There’s all kinds of songs in the world. Music with vastly different styles and structures, with deeply contrasting moods and meanings. Despite this wealth of contrast and variety in the music we consume, we usually celebrate all the songs we love in exactly the same way; namely we listen to them again. It’s just human nature isn’t it? We keep the same song spinning on repeat, basking in every note and burning an imprint onto our brain until we move on to something else. This is the case with 99% of songs we love, but every so often we come across a song like ‘The Closest’ that demands the opposite. Steeped in meaning, melody and melancholy (and with a gorgeous stop-motion video to boot), this track from German duo Paper Waltz is testament to the fact that the saddest songs are the most beautiful. It’s the kind of song that demands your full attention, followed by a moment or two of quiet reflection to take it all in. One listen is all it takes for songs like this to occupy your mind all day long. It may be a while before you come back to listen to it again, but that only ensures that every time you hear it will be just as magical and affecting as the first time.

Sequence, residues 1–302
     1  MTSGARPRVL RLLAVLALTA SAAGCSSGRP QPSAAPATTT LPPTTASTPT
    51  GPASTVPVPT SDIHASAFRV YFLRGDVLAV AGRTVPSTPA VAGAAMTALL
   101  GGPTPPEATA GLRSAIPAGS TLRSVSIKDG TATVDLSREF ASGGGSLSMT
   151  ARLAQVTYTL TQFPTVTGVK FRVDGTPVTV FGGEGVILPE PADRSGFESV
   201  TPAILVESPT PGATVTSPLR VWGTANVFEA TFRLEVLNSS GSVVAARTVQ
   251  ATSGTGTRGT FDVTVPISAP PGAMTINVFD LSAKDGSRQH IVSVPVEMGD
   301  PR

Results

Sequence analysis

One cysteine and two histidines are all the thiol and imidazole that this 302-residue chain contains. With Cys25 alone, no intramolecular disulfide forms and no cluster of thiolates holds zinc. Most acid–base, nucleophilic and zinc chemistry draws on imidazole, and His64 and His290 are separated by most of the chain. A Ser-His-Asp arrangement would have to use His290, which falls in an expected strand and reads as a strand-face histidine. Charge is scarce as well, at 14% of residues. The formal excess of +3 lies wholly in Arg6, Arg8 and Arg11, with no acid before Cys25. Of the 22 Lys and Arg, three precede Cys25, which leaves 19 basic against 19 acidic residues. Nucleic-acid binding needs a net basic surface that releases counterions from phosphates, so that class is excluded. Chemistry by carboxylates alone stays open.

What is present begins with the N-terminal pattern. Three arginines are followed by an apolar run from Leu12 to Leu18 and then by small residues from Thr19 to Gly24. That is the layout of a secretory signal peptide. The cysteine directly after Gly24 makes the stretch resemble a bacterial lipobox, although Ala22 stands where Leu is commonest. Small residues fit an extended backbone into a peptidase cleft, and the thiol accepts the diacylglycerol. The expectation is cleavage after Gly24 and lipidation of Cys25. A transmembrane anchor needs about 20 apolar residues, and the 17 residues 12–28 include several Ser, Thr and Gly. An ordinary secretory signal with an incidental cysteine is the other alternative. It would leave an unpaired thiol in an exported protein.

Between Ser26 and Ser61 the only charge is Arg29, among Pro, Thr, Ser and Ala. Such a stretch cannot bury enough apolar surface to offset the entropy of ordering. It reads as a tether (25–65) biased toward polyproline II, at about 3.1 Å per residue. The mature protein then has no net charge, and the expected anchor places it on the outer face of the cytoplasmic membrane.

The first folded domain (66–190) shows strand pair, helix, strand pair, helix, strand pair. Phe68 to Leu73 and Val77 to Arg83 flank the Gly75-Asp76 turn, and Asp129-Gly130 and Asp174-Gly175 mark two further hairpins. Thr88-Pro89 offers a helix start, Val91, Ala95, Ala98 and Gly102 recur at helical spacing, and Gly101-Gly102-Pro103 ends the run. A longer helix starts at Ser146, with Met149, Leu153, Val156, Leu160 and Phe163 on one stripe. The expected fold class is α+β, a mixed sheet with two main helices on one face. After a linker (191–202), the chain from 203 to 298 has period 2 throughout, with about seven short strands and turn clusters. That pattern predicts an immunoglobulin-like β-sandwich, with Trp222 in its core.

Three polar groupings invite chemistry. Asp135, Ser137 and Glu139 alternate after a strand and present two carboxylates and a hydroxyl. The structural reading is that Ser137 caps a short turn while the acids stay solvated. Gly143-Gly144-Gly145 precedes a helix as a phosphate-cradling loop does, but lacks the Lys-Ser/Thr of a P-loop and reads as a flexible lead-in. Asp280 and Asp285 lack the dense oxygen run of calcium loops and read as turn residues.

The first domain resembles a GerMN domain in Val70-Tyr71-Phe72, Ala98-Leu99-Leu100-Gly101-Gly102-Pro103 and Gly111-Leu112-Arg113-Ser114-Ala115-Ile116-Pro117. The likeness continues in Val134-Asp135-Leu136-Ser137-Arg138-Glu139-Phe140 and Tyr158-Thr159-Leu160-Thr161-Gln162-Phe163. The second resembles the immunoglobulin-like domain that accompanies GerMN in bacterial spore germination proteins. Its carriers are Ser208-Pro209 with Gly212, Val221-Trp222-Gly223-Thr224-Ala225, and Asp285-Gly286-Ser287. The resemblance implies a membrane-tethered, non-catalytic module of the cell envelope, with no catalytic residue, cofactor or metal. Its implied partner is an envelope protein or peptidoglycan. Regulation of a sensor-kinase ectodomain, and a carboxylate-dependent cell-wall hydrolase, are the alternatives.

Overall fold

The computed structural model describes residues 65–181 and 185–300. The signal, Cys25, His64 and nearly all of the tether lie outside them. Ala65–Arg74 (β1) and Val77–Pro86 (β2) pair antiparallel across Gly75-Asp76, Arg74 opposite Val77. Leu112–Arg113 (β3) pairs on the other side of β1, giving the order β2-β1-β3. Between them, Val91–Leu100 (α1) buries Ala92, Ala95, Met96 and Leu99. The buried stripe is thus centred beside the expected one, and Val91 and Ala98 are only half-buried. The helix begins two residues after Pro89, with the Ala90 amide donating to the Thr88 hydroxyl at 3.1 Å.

I have to admit I’ve been feeling a little apprehensive about the inevitable wave of songs written about the Coronavirus and the ensuing lockdown. While I’m sure there will be nothing but good intentions behind them, it is a delicate subject that requires a gentle touch and a certain degree of empathy and tact. If any of them broach the subject anywhere near as well as ‘Not In This Alone’ however then I’ll have nothing to worry about. Despite being written, recorded, and released in a very short time frame, this new track from singer/songwriter Brooks Dixon shows remarkable mindfulness for the current situation. Touching on the atmosphere of fear and uncertainty that comes with feeling trapped, as well as the small reassuring moments of humanity that see people looking out for one another and giving us all a spark of hope and joy, the song really captures the zeitgeist of the bizarre times we find ourselves in. At a time when we’re forced to keep our distance, the well spoken lyricism and warm vocals found here are just the comforting embrace we all need and long for.